obtain IPv4 addresses instead of mandating an upgrade on the
   installed IPv4 base.  Furthermore, IPv6 user agents are expected to
   be dual-stacked and thus also support IPv4, unlike the larger IPv4-
   only user agent base that does not or cannot support IPv6.

   An IPv6 node SHOULD also be able to send and receive media using IPv4
   addresses, but if it cannot, it SHOULD support Session Traversal
   Utilities for NAT (STUN) relay usage [8].  Such a relay allows the
   IPv6 node to indirectly send and receive media using IPv4.

   The advantage of this strategy is that the installed base of IPv4
   user agents continues to function unchanged, but it requires an
   operator that introduces IPv6 to provide additional servers for
   allowing IPv6 user agents to obtain IPv4 addresses.  This strategy
   may come at an additional cost to SIP operators deploying IPv6.
   However, since IPv4-only SIP operators are also likely to deploy STUN
   relays for NAT (Network Address Translator) traversal, the additional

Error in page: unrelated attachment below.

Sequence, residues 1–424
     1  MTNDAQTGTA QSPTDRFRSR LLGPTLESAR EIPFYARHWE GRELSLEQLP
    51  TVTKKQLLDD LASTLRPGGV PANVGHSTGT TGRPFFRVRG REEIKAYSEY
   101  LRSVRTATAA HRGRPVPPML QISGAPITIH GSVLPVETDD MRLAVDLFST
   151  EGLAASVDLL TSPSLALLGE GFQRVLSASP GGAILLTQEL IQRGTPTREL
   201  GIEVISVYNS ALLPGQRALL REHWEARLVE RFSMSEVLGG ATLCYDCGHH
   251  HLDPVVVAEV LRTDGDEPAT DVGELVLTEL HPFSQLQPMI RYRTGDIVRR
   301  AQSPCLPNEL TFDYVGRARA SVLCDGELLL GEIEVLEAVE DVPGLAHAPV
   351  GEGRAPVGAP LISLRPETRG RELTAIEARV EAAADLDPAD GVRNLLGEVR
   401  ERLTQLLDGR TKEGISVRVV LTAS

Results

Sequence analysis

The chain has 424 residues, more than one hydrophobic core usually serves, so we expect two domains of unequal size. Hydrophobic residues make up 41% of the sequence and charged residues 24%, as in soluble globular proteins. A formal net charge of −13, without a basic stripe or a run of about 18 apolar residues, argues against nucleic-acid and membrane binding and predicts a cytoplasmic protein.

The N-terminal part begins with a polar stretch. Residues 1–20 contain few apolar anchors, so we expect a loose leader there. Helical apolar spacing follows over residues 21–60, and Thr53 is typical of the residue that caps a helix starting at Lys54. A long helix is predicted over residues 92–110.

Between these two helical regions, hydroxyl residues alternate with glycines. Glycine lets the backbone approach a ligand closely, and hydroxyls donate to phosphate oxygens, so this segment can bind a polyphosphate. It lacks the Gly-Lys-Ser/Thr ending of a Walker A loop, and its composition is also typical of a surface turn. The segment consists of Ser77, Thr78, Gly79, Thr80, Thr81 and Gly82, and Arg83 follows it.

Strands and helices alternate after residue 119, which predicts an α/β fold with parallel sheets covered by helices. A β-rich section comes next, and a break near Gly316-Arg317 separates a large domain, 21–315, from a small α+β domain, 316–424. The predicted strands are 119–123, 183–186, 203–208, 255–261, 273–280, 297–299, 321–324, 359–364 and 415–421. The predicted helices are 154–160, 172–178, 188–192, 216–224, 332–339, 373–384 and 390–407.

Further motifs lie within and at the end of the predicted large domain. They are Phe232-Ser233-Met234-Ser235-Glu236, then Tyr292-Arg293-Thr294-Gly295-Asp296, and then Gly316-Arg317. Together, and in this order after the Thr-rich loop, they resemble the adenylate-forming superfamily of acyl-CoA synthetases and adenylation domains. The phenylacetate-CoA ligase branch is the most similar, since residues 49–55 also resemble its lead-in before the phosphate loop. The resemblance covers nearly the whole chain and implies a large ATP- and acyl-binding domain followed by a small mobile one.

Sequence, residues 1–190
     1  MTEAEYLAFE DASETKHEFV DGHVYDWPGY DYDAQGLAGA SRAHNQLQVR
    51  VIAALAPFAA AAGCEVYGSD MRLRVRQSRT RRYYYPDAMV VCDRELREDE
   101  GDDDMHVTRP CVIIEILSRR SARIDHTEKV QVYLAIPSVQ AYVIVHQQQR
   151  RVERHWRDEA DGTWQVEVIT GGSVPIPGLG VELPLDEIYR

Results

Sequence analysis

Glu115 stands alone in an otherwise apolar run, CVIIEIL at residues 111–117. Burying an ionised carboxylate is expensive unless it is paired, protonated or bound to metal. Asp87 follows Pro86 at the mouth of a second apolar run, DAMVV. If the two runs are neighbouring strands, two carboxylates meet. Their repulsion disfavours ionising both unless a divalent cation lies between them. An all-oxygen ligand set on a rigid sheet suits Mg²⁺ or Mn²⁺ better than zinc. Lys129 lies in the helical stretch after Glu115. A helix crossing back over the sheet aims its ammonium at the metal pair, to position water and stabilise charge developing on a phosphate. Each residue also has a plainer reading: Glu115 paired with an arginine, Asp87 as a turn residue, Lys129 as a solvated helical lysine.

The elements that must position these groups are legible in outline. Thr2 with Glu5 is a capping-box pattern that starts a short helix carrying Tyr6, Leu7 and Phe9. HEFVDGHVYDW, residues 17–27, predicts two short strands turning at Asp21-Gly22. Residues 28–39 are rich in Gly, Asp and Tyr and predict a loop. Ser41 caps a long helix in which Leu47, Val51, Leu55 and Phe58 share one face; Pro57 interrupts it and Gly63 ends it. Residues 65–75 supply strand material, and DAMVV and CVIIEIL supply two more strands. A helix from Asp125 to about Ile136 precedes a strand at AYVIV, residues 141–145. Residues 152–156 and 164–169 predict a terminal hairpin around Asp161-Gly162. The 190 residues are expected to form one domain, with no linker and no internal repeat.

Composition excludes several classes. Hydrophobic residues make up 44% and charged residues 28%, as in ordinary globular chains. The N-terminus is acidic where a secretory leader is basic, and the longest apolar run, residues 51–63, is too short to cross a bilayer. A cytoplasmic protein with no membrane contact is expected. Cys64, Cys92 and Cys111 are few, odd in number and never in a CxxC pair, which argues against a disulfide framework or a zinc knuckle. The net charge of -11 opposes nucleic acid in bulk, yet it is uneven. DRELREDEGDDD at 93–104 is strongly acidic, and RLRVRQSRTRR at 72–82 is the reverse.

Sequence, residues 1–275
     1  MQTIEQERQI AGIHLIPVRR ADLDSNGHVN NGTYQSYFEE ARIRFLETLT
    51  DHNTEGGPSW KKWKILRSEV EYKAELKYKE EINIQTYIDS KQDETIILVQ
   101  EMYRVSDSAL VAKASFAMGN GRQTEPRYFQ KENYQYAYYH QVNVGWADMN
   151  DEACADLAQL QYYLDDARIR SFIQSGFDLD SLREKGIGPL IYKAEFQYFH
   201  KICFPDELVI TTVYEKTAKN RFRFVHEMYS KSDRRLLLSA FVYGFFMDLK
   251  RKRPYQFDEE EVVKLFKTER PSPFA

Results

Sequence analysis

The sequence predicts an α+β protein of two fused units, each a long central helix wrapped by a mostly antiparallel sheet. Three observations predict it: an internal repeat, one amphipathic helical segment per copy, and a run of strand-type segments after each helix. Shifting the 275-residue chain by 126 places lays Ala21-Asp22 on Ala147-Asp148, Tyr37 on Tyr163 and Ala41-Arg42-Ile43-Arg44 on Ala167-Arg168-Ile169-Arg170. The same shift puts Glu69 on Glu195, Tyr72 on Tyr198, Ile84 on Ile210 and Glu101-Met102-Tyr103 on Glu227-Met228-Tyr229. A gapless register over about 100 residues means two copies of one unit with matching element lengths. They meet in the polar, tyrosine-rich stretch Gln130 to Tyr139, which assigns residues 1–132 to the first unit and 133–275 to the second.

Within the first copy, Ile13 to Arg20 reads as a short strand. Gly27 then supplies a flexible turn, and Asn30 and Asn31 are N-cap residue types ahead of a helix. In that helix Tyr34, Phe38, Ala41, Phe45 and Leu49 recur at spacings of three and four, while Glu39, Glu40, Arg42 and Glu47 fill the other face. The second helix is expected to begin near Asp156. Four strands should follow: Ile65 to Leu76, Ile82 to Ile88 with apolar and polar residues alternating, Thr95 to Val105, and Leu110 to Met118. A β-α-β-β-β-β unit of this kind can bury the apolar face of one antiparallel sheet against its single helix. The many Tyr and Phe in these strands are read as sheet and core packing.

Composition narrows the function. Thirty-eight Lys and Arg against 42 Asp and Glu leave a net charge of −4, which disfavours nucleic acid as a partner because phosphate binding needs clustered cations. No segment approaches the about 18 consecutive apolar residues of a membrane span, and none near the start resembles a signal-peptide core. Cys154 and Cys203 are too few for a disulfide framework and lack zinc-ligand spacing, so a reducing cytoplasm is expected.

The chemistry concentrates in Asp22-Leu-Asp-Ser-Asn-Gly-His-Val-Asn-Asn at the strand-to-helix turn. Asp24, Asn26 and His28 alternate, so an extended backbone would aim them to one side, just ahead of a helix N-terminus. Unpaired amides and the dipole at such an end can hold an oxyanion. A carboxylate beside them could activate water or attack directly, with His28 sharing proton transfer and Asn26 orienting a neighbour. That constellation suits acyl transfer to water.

effort to deploy IPv6 in an IPv4 SIP network should be limited in
   this aspect.

   However, there will be deployments where an IPv4/IPv6 node is unable
   to use both interfaces natively at the same time, and instead, runs
   as an IPv6-only node.  Examples of such deployments include:

   1.  Networks where public IPv4 addresses are scarce and it is
       preferable to make large deployments only on IPv6.

   2.  Networks utilizing Layer-2's that do not support concurrent IPv4
       and IPv6 usage on the same link.

4.1. Updates to RFC 3264

This section provides a normative update to RFC 3264 [4] in the following manner: 1. In some cases, especially those dealing with third party call control (see Section 4.2 of [12]), there arises a need to specify the IPv6 equivalent of the IPv4 unspecified address (0.0.0.0) in the SDP offer. For this, IPv6 implementations MUST use a domain name within the .invalid DNS top-level domain instead of using the IPv6 unspecified address (i.e., ::).
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   2.  Each media description in the SDP answer MUST use the same
       network type as the corresponding media description in the offer.
       Thus, if the applicable "c=" line for a media description in the